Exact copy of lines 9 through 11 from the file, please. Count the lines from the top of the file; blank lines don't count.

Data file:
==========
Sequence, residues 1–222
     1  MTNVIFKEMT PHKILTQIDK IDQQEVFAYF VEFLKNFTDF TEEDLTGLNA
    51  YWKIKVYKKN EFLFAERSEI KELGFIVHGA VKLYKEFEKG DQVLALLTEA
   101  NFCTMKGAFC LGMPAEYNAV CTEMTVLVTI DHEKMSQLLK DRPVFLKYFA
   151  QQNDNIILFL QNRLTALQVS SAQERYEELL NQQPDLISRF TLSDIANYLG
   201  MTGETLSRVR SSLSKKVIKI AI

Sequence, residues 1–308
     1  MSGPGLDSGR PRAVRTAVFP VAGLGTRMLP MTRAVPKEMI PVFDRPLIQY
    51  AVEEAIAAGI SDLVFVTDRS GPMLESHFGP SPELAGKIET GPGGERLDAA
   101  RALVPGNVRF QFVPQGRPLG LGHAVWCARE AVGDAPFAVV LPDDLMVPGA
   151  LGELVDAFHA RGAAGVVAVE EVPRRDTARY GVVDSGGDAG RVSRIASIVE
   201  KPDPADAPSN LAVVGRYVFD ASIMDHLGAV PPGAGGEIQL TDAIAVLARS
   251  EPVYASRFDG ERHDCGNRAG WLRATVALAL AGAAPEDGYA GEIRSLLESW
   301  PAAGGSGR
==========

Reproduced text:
    51  AVEEAIAAGI SDLVFVTDRS GPMLESHFGP SPELAGKIET GPGGERLDAA
   101  RALVPGNVRF QFVPQGRPLG LGHAVWCARE AVGDAPFAVV LPDDLMVPGA
   151  LGELVDAFHA RGAAGVVAVE EVPRRDTARY GVVDSGGDAG RVSRIASIVE